I think I’ve found ‘The One’. Yes, it’s true. Since I’ve been frequenting Australian shores I’ve been waiting and hoping, hoping and waiting for the right one to come along. And now it seems my wait is finally over. The Lost Lands festival is here!
These gold award winners are a good representation of the type of ecotourism activities available in Australia. If you’re looking for the best ecotourism experiences down under, these are a pretty good start.
On the surface, Noosa seems like any other seaside town, but there is so much more to this captivating region than sun, sea and sand. Conservation and sustainable tourism ideals are ingrained in the community and business life. Action groups ensure development is restricted, wildlife is cared for and management programmes are in place to help protect this wonderfully diverse environment. Added to that some seriously good places to eat and you can see why people keep coming back for more.
When there are children’s lifeless bodies rolling with the waves on shorelines, choosing another inane travel photograph or writing about my charmed life seems incredibly vacuous. There are a thousand things that matter so much more.
The 52 Weeks Series :: a photo a week, every week, in 2015. I want to let you into a little secret. Or maybe it’s not so secret if you dabble on Instagram. I’m a runner. I run. Words I never thought I’d say. And if I’m honest, words that if you have known me for a while would make you guffaw out loud exclaiming, “What? You!” I’m still not sure if it’s a mid-life crisis or whether it’s my ageing body trying desperately to cling to the last sliver of health I have left, but it’s happening.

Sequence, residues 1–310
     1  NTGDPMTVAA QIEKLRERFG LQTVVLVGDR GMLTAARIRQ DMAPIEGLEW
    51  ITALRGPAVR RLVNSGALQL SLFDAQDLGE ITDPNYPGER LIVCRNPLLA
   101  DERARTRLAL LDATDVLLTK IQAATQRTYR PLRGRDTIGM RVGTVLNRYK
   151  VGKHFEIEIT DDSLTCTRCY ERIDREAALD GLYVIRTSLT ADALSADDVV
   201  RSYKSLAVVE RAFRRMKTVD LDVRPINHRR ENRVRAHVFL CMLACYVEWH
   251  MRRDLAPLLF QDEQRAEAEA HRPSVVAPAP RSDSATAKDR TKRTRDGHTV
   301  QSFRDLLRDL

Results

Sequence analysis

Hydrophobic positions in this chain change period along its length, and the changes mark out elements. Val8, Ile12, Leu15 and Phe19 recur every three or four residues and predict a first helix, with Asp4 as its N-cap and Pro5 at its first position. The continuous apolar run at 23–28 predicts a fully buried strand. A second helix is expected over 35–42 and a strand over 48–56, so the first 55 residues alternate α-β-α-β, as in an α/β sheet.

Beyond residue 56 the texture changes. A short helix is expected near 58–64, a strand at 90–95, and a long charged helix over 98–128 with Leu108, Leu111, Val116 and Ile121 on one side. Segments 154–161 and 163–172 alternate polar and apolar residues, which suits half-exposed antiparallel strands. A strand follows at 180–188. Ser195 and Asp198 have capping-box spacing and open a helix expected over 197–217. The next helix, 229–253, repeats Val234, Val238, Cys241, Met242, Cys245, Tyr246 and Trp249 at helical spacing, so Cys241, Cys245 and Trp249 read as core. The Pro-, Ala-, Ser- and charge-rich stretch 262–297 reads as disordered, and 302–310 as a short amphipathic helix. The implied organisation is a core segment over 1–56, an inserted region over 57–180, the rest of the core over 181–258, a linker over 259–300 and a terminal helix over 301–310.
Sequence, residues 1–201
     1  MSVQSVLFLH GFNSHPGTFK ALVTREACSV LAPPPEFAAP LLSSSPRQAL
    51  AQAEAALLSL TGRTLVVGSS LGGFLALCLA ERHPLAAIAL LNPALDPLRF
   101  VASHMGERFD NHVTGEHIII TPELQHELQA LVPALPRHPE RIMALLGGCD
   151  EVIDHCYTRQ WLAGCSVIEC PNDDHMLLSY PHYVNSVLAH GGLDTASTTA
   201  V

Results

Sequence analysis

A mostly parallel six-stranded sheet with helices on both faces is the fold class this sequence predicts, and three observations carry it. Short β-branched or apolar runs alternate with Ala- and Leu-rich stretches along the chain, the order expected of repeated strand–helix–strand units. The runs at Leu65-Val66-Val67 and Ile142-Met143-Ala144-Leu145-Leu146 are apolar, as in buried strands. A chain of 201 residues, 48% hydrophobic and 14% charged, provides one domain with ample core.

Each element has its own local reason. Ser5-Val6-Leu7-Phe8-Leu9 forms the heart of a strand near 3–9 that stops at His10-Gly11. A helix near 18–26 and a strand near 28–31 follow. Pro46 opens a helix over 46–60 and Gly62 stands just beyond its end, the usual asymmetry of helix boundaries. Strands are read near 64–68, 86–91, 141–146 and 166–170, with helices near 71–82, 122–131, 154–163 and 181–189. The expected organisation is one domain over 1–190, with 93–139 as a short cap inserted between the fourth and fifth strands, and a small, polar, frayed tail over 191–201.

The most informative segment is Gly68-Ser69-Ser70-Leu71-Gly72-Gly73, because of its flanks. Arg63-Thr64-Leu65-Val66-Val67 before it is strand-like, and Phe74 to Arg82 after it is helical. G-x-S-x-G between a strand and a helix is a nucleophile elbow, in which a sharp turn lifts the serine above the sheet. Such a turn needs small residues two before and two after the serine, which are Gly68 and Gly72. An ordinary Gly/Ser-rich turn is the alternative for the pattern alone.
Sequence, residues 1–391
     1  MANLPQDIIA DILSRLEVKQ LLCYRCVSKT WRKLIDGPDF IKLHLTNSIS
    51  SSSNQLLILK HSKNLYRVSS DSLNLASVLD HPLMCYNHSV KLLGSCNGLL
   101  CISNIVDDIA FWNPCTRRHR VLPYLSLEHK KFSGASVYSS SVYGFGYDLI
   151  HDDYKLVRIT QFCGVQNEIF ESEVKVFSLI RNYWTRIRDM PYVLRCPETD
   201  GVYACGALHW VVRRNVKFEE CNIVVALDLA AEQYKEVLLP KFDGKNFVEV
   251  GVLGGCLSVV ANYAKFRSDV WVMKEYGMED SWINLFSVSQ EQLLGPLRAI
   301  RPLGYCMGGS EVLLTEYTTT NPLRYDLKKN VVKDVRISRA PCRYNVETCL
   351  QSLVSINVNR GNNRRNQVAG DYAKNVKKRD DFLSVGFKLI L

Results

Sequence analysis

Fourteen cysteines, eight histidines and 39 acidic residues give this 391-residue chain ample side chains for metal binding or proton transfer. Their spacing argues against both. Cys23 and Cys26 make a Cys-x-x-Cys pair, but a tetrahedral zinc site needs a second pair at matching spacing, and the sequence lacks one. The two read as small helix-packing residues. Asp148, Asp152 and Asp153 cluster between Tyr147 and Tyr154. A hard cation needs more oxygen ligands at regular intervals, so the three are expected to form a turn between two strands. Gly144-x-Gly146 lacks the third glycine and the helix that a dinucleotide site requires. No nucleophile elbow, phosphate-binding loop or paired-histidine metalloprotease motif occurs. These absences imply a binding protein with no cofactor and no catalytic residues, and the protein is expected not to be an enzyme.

Only an hour and ten minutes by car from Melbourne and covering a whopping 30 hectares of bushland, Healesville Sanctuary showcases more than 200 Australian species and offers visitors the opportunity to see animals unique to Australia.
Flying over Eli Creek, you can see the tour buses and 4x4s gathered at the mouth of the creek. It gives an indication of the size of the sand dunes. It’s a wild island, constantly changing with the shifts of the sands, and, as it was on my first trip 18 years ago, instantly captivating.
Doing a really good job of pretending not to be there, the critter stood stock still and stared straight ahead. It was obviously scared and wishing internally for me to disappear.
There’s a real sense of calm when canoeing. Especially if you’re in a quiet backwater with little to break silence but the tip of an oar breaking through the surface of the water and the consequent drips and dribbles from the paddle on the arc.
Goannas are found all over Noosa Biosphere Reserve. We spotted this one at the picnic area near Harry’s Hut while on a tour of the Everglades.